The juror for this year’s awards is Cynthia Haveson Veloric, who will select the winners in each of the categories.

Cynthia Haveson Veloric is an art historian, curator, writer, lecturer and environmentalist. She has worked in the curatorial departments of the Smithsonian American Art Museum, the Pennsylvania Academy of Fine Arts, and the Philadelphia Museum of Art. She recently combined her passion for art and environmental advocacy by pursuing a doctorate. focused on international contemporary artists’ responses to climate change. Her thesis is titled “Extended Observation and Sensing: How Ecoartists Are Changing Consciousness Around the Climate Crisis”. In 2018, she curated the exhibition Fixing Our Earth, Diane Burko Artist/Environmental Activist and this fall, she will curate the exhibition Risky beauty: aesthetics and climate change at the Main Line Art Center in Haverford, Pennsylvania.

Last year, Veloric chaired the session “From Wheatfields to Ecosophy: A Reflection on Women Artists in the History of Climate Change” at the College Art Association conference. At this year’s conference, she is presenting on the pollution pods by Michael Pinsky, an architectural installation that has been presented at international climate conferences. She published on the sculpture of Saint Gaudens Diana, the painters Barkley Hendricks and Martin Johnson Heade, historical and contemporary Philadelphia women artists and environmental photography. His recent public service includes the arts committee of the upcoming Pennsylvania Climate Convergence in Harrisburg, the Clean Air Council in Philadelphia, the advisory board of the Brodsky Center for Printmaking and Papermaking at the Pennsylvania Academy of the Fine Arts, and the board of trustees of the Main Online Art Center.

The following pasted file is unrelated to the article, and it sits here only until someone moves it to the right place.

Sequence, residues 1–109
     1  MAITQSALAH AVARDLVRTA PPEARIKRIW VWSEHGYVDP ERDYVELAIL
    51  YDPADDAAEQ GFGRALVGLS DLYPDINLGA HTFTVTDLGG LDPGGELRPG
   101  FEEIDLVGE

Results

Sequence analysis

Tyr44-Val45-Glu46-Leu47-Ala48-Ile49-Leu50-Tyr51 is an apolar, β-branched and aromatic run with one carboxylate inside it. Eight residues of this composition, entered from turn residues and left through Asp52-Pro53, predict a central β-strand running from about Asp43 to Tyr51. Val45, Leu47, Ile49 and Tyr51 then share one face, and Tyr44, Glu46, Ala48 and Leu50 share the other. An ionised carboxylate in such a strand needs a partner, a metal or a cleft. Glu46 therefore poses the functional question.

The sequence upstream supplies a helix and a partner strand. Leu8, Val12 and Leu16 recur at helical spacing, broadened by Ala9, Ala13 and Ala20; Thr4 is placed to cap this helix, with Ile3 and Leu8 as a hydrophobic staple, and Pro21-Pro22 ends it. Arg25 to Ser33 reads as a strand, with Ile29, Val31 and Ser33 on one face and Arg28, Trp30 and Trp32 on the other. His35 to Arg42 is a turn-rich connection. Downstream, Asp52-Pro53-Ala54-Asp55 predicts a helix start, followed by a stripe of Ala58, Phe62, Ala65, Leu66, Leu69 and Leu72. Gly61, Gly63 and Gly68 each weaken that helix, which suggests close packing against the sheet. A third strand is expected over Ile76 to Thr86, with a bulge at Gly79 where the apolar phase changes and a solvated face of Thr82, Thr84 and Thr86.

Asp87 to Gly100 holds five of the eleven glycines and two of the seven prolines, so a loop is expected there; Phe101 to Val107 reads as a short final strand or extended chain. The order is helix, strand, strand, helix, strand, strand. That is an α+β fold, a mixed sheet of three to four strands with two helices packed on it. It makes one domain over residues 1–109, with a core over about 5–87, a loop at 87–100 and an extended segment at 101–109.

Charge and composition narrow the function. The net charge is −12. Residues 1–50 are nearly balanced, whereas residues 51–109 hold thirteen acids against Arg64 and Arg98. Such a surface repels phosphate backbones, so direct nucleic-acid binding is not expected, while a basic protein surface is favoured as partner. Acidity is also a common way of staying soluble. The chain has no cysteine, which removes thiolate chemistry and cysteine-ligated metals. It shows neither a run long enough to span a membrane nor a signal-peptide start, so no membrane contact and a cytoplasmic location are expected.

The State Museum of Pennsylvania, adjacent to the State Capitol in Harrisburg, is one of 24 historic sites and museums administered by the Pennsylvania Historical & Museum Commission as part of the Pennsylvania Trails of History. The State Museum offers extensive collections interpreting Pennsylvania’s fascinating heritage. With exhibits examining the dawn of geologic time, the Native American experience, the Colonial and Revolutionary eras, a pivotal Civil War battlefield, and the vast industrial era of the Commonwealth, the State Museum demonstrates that the history of Pennsylvania is the story of America.

The Pennsylvania Heritage Foundation is the nonprofit partner of the Pennsylvania Historical & Museum Commission, the state agency charged with collecting, preserving, researching, and interpreting Pennsylvania’s treasures. Through private contributions, PHF supports PHMC in the protection of and access to 24 historic sites and museums, approximately 9 million objects and over 250 million archival items.

For more information about the museum, visit the State Museum online or follow us on Facebook and Twitter.

MEDIA CONTACT: Howard Pollman, 717-705-8639